Mr. Conan Tundra Bliss, Mr. Matthew David Kernan, Mr. Tym Douglas Blanchard, Mr. David Scott Landman, Mr. Sidney McCord Pattinson (2nd Group)
Nepali Sherpas: Mr. Siddhi Bahadur Tamang, Mr. Mingma Sherpa, Mr. Ang Phurba Sherpa (1st Group)
Mr. Pasang Tenzing Sherpa, Mr. Pas-Dawa Sherpa , Mr. Lakpa-Dendi Sherpa, Mr. Sher-Bahadur Thapa Magar, Mr. Mingma Shona Sherpa (2nd Group)
They reported good conditions and are on their way down to the South Col high camp , if possible then to the Camp 2 ,where they will spend the night.
Kenton & the team fly to Kathmandu this morning .
The main team of climbers with guides Garrett, Conan, & Sid are resting at the South Col high camp (Camp 4). Our Team are in the saddle between Mount Everest and Mount Lhotse. They are preparing to depart for the summit around 7:30 PM tonight. They are planning to reach the summit early on May 18th.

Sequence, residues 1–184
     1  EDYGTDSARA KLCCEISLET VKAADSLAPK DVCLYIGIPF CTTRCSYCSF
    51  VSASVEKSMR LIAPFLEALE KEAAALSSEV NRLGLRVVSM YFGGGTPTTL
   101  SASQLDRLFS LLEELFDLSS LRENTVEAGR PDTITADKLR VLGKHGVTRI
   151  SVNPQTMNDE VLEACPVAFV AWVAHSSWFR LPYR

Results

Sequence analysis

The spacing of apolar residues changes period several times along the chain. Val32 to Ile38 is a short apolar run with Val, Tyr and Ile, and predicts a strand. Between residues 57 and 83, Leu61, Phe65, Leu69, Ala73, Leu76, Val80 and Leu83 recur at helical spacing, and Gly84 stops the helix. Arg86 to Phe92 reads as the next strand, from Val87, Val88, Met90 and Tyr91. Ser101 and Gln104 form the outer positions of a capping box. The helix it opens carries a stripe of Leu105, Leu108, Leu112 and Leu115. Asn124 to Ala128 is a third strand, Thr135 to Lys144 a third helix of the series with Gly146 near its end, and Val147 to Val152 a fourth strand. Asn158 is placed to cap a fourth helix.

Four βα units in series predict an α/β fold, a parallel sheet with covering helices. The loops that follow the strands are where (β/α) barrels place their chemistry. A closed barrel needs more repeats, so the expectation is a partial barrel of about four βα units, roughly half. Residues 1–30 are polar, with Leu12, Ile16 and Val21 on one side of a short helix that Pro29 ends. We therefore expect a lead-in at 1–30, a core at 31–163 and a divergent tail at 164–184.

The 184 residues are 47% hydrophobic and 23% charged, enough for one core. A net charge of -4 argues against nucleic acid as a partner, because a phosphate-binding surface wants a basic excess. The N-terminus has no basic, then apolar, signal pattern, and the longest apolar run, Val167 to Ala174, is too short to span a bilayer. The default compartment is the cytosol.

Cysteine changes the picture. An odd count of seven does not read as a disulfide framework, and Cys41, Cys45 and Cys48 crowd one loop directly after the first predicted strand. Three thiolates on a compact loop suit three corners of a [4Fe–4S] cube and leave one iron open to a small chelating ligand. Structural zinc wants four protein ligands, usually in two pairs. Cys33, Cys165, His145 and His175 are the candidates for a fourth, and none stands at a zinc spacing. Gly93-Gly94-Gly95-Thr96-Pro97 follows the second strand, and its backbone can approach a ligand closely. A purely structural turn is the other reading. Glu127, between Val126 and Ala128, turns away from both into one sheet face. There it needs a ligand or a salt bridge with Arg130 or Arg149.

Kenton, Ben, & Mark with our Sherpas headed down safely to Everest base camp and will fly by helicopter to Kathmandu tomorrow .
The team of Ant and Ed safely arrived at Kathmandu today.
More summits from our team on Mount Everest! Today Kenton, Ben, Mark, along with our Sherpas made the summit of Mount Everest and reported great conditions. They are now safe in South Col also known as Camp 4. Their team will spend tonight there and will head down tomorrow to Camp 2.
Additionally , Our main team of climbers with Garrett, Conan, & Sid are heading up to Camp 4 today. They will climb up the steep ice of the Lhotse Face, over the Yellow Band and the Geneva Spur. Their plan is to rest tomorrow and go for the summit push on the evening of May 17th , if the weather is good.
Also, The Team of Ed & Ant are safely on their way down to Everest base camp.